Imperial

Washington DC White House 5It is build to impress. I walked along the National Mall in Washington, from the White House to the Monument over to the World War II Memorial, the reflecting pond and the Lincoln Memorial.

I skipped the sides, and I had no time to walk it all the way back over to the Capitol, currently being renovated….

It’s just too big. And it’s meant to be. All in white, in that white-marble-column style that evokes Rome and ancient Greece, the Mall is nothing less than Imperial.

This is the NEW ROME.

Ok, when the US designed its capital, and especially the National Mall which was planned in the early 1850, no one could foresee that, by the second half of the 20th century, the world would indeed be run from here. But they planned it that way, just in case… It speaks of a will to impress, to show off its mission.

I only had an afternoon, and I only scratched the surface.

I started at the White House, having a glimpse at all the tourists with selfie-sticks and reading a few of the always present protester’s signs. But I skipped visiting the inside.

I was actually not even thinking it could be visited at all. With all the post 9/11 paranoia, the controls on airports and endless questions at immigration, the thought that the White House would be open to visitors didn’t even occur to me. I was actually surprised I could walk up as far as I did.

I would have had to arrange a tour in advance and contact my embassy, the site says… nothing I could be bothered with on the only sunny day in DC.

It was funny though to stand in in the very place I had seen countless times on TV, when reporters with serious faces reported ‘live from the White House’ on some political decision, earthquake or scandal.

As often, I am somewhat surprised to see that the iconic places I know from TV or Hollywood movies actually do exist. It’s probably that the image in my mind is so surreal, that I rather feel like I fell into a movie set than think I am actually there.

Off to the Monument, an obelisk built to commemorate George Washington. Made of marble and others, it is both the world’s tallest stone structure and the world’s tallest obelisk, standing 169 meters tall.

It was surrounded by a circle of fluttering American flags, with great views over to the Capitol, its dome in renovation, and to the Lincoln Memorial, and over across the Potomac to Arlington Cemetery in Virginia.

Again, you can visit it, but you have to prearrange, or, alternatively, stand in line one or two hours prior to opening for the few available day passes. None of which I had done, so the aerial view of DC and the Mall will have to wait for another time!

I walked downhill towards the river, crossing the Memorial of World war II with its two wings, both honoring the Atlantic and Pacific ‘theater’ as they call it, respectively.

Along the long ‘reflecting pond’, which, from the Lincoln Memorial, gives a beautiful reflection of the Obelisk with the Capitol in the back. Beautifully planned and executed. Unfortunately, the wind made the reflection of the Obelisk a bit blurry. But I got the idea.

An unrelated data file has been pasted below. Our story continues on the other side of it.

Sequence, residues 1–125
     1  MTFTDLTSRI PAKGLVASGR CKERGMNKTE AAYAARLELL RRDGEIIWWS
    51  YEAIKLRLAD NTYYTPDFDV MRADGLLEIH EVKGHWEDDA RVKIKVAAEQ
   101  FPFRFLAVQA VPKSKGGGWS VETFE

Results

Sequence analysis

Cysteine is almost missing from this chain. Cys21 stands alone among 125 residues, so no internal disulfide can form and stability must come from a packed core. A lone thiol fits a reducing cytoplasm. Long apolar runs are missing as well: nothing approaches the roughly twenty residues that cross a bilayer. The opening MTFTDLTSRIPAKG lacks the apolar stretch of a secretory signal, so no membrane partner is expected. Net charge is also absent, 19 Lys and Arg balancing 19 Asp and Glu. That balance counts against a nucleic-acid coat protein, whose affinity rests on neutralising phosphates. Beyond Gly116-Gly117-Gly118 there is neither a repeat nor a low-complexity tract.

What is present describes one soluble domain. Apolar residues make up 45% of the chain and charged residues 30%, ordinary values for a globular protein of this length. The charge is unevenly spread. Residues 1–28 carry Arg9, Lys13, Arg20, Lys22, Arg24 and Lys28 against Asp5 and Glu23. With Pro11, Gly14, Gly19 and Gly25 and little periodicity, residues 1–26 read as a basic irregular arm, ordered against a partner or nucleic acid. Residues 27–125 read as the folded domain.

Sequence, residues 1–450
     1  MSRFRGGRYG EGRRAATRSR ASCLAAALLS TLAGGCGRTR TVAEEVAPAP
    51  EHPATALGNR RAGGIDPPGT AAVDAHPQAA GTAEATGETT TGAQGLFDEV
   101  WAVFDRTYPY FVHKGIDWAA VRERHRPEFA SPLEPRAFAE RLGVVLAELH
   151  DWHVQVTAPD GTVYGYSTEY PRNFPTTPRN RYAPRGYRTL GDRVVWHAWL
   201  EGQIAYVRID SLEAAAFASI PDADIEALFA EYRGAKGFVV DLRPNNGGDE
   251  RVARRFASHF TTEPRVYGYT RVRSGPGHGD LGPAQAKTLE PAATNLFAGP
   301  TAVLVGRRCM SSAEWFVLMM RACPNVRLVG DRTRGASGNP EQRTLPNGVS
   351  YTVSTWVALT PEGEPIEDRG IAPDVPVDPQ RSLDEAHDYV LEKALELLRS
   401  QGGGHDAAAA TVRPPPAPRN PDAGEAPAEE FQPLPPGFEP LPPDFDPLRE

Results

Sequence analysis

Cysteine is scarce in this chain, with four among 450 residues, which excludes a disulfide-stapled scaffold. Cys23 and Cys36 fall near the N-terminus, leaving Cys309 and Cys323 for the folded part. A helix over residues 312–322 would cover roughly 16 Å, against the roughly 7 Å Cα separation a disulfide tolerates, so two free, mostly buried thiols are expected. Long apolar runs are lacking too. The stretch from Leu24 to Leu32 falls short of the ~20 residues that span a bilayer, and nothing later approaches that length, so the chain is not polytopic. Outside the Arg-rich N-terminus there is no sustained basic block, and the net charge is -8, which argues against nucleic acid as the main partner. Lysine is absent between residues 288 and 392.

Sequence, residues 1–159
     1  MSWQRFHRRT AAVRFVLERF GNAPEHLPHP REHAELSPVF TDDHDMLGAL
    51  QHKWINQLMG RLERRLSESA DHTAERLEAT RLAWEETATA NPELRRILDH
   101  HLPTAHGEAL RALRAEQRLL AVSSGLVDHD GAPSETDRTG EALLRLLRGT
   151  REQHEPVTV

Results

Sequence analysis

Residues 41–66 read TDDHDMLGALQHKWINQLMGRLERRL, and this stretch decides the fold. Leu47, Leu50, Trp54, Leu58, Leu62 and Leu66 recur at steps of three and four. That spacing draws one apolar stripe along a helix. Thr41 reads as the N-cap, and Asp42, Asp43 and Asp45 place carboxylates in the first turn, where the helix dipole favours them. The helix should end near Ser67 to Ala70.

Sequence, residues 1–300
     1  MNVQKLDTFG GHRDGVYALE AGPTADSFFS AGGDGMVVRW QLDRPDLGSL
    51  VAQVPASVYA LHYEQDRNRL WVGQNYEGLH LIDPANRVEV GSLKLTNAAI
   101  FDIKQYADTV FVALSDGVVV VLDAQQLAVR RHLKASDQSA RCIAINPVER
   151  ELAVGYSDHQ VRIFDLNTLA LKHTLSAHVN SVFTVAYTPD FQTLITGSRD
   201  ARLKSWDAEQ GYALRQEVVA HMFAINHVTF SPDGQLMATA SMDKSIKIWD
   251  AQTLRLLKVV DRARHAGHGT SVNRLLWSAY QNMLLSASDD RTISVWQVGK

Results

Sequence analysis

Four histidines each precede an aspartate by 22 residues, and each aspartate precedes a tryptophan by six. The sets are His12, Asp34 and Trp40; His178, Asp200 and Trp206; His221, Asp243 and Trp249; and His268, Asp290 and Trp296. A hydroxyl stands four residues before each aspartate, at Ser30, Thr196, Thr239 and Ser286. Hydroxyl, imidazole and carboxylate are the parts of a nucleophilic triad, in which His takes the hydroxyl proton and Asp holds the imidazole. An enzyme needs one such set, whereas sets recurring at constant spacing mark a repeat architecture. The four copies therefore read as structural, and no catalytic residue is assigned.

I spent more time at the Lincoln Memorial, this massive, column-clad structure that houses the marble statue of Abraham Lincoln, looking out through the columns and over the country he once saved, re-united, devastated (in the South) and freed.

Sitting there in his chair, he evokes a benign grandfather, watching over his people with good-will, but always with an expression of determination, as if he knew his children needed to be watched.

I should have come back at night, as some friends suggested. For the visuals, I am sure the whole structure and statue is even more stunning lit up at night… but also maybe because there would have been fewer people around and the atmosphere a bit more quiet.

Where to head now? I could have walked all the way back and further on to the Capitol. My friend Renato had given me passes from his Congress representative to pass as a citizen and get one of the tours… However, I was already knackered, and would not have been able to take in much more.

Arlington, the national cemetery however seemed to be a closer walk, just across the bridge spanning the Potomac river, and so decided to walk over there.

Nice side effect: The cemetery lies in Virginia, and as I am actually visiting something, Virginia will count at state #21 on my mission to visit all 50.

It had a nice, serene atmosphere, and even though it was a warm day, I could grasp a hint of autumn in the air. Nice on a cemetery with all those graves, and the first leaves falling.

I just strolled around and walked up to the JFK grave site, where he and Jacquie O. found their final resting place (there, not so serene, tons of tourists, of course.)

Facebooktwitter

Leave a Reply

Your email address will not be published. Required fields are marked *